Monday, January 21, 2008

My agent anguish is over

It's (almost) official, I have a new art agent: Nicole Tugeau of Team Tugeau 2. And she's already hooked me up with a new assignment, due on Wednesday.

This was a tough decision for me. I was in discussions with three agents (a third contacted me on Friday), but by then, I'd pretty much made my final decision. Nicole is like a fireball — high energy, but not overbearing. She's newer to the business — five-years-old, if I remember — so she's in an aggressive mode, building her business. The question isn't: Will she find work for me? She will, she already has! The better question is: Will I be able to keep up with her?

When I chatted with her last week, she was so enthusiastic — about me and the field of children's publishing in general — that I couldn't even get a word in edgewise. I just listened in delight, and responded to her, "Uh-huh, uh-huh, uh-huh, OK."

Team Tugeau will represent me specifically in the area of educational publishing, which will include educational books, children's magazines, textbooks — the bread-and-butter kind of projects that pay the bills. I've reserved the area of trade for myself, leaving open the option to obtain a literary agent. But if a lit agent doesn't come along soon, we'll discuss the possibility of modifying our contract to include trade, too. Nicole says she can get my written works in front of an editor just as well as any lit agent.

Suzanne will remain my licensing agent.

P.S. Nicole Tugeau is the daughter-in-law of art agent Christina Tugeau (who will speak at our SCBWI conference later this year). I'm told the two sometimes team up on projects as one large team.

Sunday, January 20, 2008

A cold, possibly the flu

At this very moment, I am so abso-freaking-lutely sick, the mere act of blinking my eyes is a major triumph. The words, I feel like crap, is an understatement. Pain!— You hear me, throbbing, grinding, rotten pain! All over my body. Ug.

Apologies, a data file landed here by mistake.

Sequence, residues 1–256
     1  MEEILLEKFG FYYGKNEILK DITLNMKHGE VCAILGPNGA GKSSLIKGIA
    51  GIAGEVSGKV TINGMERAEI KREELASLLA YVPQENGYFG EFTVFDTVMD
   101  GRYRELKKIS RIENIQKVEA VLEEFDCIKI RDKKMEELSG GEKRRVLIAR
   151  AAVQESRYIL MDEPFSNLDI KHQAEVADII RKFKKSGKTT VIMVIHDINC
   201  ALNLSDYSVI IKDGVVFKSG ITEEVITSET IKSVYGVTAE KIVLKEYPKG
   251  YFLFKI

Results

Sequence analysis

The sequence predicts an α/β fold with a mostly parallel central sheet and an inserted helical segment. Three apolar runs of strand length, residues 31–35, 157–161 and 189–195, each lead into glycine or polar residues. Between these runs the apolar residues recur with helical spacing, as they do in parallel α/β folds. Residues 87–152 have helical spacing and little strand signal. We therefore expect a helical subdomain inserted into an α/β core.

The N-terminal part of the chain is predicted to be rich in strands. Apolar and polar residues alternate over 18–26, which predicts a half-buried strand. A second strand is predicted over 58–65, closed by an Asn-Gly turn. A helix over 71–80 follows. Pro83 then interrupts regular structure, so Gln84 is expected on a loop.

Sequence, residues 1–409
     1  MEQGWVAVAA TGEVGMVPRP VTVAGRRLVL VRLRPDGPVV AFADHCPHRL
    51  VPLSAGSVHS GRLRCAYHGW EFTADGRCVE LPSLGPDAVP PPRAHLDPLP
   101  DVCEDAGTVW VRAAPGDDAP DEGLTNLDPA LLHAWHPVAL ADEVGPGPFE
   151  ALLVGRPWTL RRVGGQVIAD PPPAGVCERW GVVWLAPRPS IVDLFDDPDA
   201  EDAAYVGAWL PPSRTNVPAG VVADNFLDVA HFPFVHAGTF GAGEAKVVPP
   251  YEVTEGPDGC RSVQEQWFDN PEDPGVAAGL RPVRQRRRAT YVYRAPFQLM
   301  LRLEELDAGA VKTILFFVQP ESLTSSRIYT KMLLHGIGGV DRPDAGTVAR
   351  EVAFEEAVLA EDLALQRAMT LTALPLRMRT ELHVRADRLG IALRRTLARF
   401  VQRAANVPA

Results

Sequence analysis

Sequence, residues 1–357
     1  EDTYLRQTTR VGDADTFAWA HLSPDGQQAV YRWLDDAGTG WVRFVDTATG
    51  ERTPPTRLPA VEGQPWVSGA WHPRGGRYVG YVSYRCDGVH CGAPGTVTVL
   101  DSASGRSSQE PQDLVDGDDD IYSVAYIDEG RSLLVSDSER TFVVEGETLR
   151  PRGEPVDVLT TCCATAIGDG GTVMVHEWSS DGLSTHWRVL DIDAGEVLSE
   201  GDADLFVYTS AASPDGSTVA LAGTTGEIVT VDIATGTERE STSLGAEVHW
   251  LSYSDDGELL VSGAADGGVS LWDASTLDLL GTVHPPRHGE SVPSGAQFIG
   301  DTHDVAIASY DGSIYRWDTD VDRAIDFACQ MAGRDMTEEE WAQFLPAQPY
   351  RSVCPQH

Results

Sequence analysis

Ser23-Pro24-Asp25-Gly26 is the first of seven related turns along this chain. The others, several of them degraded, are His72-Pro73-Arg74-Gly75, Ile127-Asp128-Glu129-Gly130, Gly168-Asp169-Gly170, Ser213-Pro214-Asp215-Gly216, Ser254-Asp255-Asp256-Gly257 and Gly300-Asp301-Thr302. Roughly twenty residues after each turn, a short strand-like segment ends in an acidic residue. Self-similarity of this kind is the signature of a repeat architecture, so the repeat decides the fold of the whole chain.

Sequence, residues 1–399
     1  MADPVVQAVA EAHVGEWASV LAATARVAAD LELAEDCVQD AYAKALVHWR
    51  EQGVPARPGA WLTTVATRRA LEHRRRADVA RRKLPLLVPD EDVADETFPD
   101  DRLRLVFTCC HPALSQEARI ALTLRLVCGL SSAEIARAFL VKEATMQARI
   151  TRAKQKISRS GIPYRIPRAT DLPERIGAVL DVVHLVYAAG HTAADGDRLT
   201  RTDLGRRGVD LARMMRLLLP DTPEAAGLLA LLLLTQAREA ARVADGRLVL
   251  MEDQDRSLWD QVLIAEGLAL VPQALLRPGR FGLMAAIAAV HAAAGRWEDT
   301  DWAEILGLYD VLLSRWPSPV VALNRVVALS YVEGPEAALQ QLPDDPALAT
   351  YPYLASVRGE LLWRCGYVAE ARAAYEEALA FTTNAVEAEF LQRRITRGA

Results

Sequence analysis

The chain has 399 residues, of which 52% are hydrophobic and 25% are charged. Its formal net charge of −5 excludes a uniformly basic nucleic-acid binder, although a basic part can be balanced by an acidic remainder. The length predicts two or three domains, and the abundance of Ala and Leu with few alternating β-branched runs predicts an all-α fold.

And now that I'm working part-time at the newspaper, I cannot call in sick. Doing so would drastically affect my bottom-line because tomorrow's a holiday. Martin Luther King Day. No disrespect intended, but...Double time! Lord knows I need it.

Somehow I have to make it through tomorrow and Tuesday. Then I'm off the remainder of the week.

Why couldn't I have gotten sick on Wednesday?

What I'm reading

Diary of a Whimpy Kid, by Jeff Kinney, is the funniest thing I've read in a long time. I've been reading this book and laughing to the point of tears all week. Even though the book is written for the average 5th-grader, I can relate to so many things even as a grown man. For instance the opening paragraph where Greg Heffley says: "First of all, let me get something straight: This is a JOURNAL, not a diary...when mom went out to buy this thing I SPECIFICALLY told her to get one that didn't say 'diary' on it."

Exactly how I felt when I began to blog here three years ago. I hoped people would see it as a journal and not a diary. This book is so funny.

Thursday, January 17, 2008

Agent anguish

I almost have a new agent! Two of 'em to be exact. Now I gotta choose one, and that's not gonna be easy.

For now, I've decided to put my search for a literary agent on hold. That process is way too time consuming, and I've found it a drain on my confidence and creativity. I have one submission (three written but not illustrated stories) out to a lit agent, but if that falls through, I'm done for awhile. I'm getting an art agent.

Now which one to choose, that's where I anguish. I need an agent who can keep work on my plate, smaller projects that can pay my bills in between illustrating trade picture books. I need in-and-out, bread-and-butter projects, educational publishing, children's magazines.

In terms of their ability to find work, both agents seem promising. One is very, very sweet, the other is very straight forward, business-like. One is fairly new to the business, while the other has over twenty years experience. One works in Ohio while the other is out of New York. One, because she is newer to the business, I sense will sell me more aggressively. One likes my digital work, the other likes my painted work. Both are very enthusiastic about my portfolio and confident in their ability to sell me. Either one would make a great agent.

For me, it's all going to boil down to who will offer the most flexibility. I need an art agent to sell my work to educational publishers, children's magazines and other juvenile publishing outlets, while leaving me the option to pursue a literary (editorial) agent to handle my written and illustrated endeavors. And so far, they both seem open to that. Ug! Anguish.

I can say, after a year of searching for a literary agent, and being treated like spit on a street curb, it's nice to feel wanted.

Wednesday, January 16, 2008

The poster ordeal